Everyone loves pop. I know there are many of you out there climbing up on your high horses and saying, ‘No way! I’m too good for that crap!’ No you’re not. We know you secretly listen to Lady Gaga or Shawn Mendes. But don’t worry. It can be our secret. I remember lying to a friend about liking Donny Osmond, because it wasn’t cool to admit it back then. But I loved his voice, and wished only that he had better material.
I learned to like classical music in university when I shared our dormitory bathroom with a music major, Shari. She scoffed at my small Strauss collection, who I considered the pop star equivalent of his day, and introduced me to Prokofiev and Debussy and some others that I can’t remember. When I joined our community choir, I fell in love with Mozart and Beethoven and all the guys who wrote really great requiems or symphonic pieces.
And then there’s Country Music, which wasn’t allowed in our house when I was growing up. I think this was the greatest barrier between Clarence’s parents and mine when they first met. My mother liked Julie Andrews and Harry Belafonte. His mom loved Loretta Lynn and Hank Snow. I remember the first time we all gathered in his parent’s rec room and had a drink while listening to Vic’s favourites, ‘The Moms and Dads.’ My parents looked shell shocked when we got home, muttering to themselves and asking me if I was really sure about this guy.
I learned to enjoy some country music, even Tammy Wynette, famous for the D.I.V.O.R.C.E song. Although, who did those parents think they were fooling? You can spell things out all you want, but you can be sure little J.O.E knew about it already. Country music is like a Hallmark movie that’s been twisted a bit. It seems pleasant and melodic, but the siding keeps falling off all the houses in town. That’s Country.
My all time favourite music, besides the gold standards like the Beatles or Simon and Garfunkel, is emo. Give a whiny guy or girl a guitar and set them loose. There is not a sad, slow song that I won’t listen to on repeat, unless I’m with one of my sisters. ‘Shut it!’ is their usual response. Anyway.
My least favourite music is really about the performer. I should not throw anyone under the bus, because God knows, my voice would not soothe anyone’s soul. But there is something about the artist, Daniel O’Donnell. Every song he sings sounds the same. Irish lullaby’s, hymns, dramatic songs like ‘The Impossible Dream.’ They’re all very…pleasant. If you’ve ever watched one of his concerts on PBS, you’ll notice that his audience is white haired and elderly. (And now it seems like I’m throwing seniors under the bus. I’m not! I know that many of you are at home right now listening to your Black Sabbath albums!) Daniel O’Donnell fans definitely offer a different kind of witness. “Wasn’t that lovely, dear?”
Thank goodness there’s something out there for everybody. If only politics was so easy to navigate. Come November, we’ll finally know the results of the US election. We all get to be witnesses for that momentous event, and even if we can take the tension of the next six weeks, we’ll all feel the fall out, whoever we’re cheering for. If things continue on the way they have for the last four years, I’ll probably find myself in the mood for something like this.
Well, not really. More like I met it out on the lake, shortly after dropping my butt into my kayak. That’s how you do it…you put in a leg and then drop your bottom. It doesn’t matter what your other leg does, because you’re already secure. Anyway, I was paddling merrily along the shore, staring at the rocks and belting out the Christian standard, ‘How Great Though Art.” For those who love to sing, there is no better place during Covid than being alone on the water. First came the hymn…I see the stars, I hear the rolling thunder…and then I met the loon.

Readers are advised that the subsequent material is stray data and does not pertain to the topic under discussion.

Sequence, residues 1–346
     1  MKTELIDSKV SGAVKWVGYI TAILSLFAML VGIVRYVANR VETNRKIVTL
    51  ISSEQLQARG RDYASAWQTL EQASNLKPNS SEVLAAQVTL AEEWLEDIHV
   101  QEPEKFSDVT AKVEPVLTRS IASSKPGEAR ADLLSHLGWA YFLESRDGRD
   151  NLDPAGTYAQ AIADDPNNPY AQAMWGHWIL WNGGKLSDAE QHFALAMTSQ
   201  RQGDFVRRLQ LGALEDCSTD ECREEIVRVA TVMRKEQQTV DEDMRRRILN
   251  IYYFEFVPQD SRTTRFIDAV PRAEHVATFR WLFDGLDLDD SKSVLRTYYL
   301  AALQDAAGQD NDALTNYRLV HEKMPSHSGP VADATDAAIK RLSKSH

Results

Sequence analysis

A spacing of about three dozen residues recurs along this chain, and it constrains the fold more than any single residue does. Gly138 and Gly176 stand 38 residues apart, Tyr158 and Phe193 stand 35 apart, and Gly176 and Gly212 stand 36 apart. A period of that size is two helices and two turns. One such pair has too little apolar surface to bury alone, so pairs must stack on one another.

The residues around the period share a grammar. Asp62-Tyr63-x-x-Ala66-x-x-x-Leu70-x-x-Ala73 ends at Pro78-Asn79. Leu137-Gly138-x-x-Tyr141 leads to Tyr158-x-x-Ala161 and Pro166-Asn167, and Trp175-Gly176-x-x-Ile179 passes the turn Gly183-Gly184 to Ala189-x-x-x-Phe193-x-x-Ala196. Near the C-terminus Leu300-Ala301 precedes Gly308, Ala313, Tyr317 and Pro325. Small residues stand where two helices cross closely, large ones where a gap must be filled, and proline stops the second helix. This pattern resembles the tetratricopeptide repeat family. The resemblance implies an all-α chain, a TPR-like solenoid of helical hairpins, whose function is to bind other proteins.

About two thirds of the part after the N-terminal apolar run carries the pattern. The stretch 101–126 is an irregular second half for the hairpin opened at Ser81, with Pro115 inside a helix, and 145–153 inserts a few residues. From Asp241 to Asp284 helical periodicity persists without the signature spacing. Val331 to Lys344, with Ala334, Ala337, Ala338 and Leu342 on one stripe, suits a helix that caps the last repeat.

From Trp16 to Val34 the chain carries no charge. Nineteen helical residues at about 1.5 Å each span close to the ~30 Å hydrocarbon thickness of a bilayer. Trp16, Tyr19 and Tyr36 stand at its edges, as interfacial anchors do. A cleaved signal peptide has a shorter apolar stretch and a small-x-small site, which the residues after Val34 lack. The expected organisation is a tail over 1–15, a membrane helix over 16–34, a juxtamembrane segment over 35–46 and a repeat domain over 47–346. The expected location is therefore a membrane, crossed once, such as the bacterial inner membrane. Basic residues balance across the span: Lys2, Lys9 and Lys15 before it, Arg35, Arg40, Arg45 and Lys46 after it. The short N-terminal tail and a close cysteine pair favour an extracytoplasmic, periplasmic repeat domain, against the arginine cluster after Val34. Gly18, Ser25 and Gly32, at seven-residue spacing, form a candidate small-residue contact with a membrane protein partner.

Immediately, the lake, rocks and forest around me were transformed into a smoky lounge. Think Rick’s Café in Casablanca. Grabbing a barstool, I silently wondered if the loon came here often, but since I’m writer, I try to avoid such clichés. “Did you come here alone?” I said, knowing they like to travel in pairs.
“Did you?” it replied with a languid but lonely look.
Pointing to the spot where I’d scattered my husband’s ashes a month before, I took a second look at the bird. It seemed melancholy, and gave a forlorn wail as proof. “Did you get left behind?” I asked. It nodded. “Yeah?” I said. “Me too. You’ll be okay.” We chatted about the lake, how empty it seemed and how all the beavers had disappeared. I’d gotten used to the steady sound of their slapping tails. It seemed eerily quiet without them.
“Beavers are just so bitchy,’ the loon said in a low voice. “Always in a bad mood. Like, no one else is allowed to swim around? I raised my glass, saluting its bitter sarcasm.
“Here’s to those who love us, and bugger all the rest.” We toasted and sipped. I must mention that while we were deeply engaged in this conversation, the lounge was growing darker and more intimate. As we leaned our elbows on the counter, I tilted my fedora…(okay, Clarence’s Tilly hat) and said, ‘Of all the gin joints in all the world…”
“You had to walk into mine,’ the loon finished with a heavy sigh, just before we heard a booming sound. We looked up. Dark clouds crowded the sky, and in the distance, thunder rolled across the heavens. Oh, the irony. I’d just been singing, “I hear the rolling thunder,” before I met the loon. Sadly, its meaning had not registered.
Quickly the loon flew upward and the lounge disappeared, leaving me to desperately paddle back to my car. As lightning teased the sky, I asked myself this. Would my rubber soled Keene’s ground me? Was my paddle just a lightning rod in disguise?
There are different kinds of prayer. Singing is one type; a celebration of being alive and able to breathe freely. Ordinarily when paddling, I sing a lot, gazing at the fallen trees, (compliments of the beavers) lying beneath the waves like ship wrecks and the gray boulders resting on the bottom like sleeping dinosaurs. As I paddled swiftly, the loon disappeared from sight and I practiced the desperate person’s prayer. (Many of us know it.) ‘Please don’t let me die here. My kids will kill me.’
Life holds all kinds of lessons for us. Like, remembering to put a foot in your kayak before dropping your bum. Like understanding that time spent with Mother Nature is like applying lip balm to a chapped soul. And then there’s this. If you meet a loon in a bar, don’t be seduced by its pretty feathers or lonely wails. Just doff your Fedora, wish it well, and leave. But feel free to call over your shoulder like I did before paddling away. “Loony, I think this is the beginning of a beautiful friendship.”
A tremulous answer came from somewhere far above me. I took it as a yes.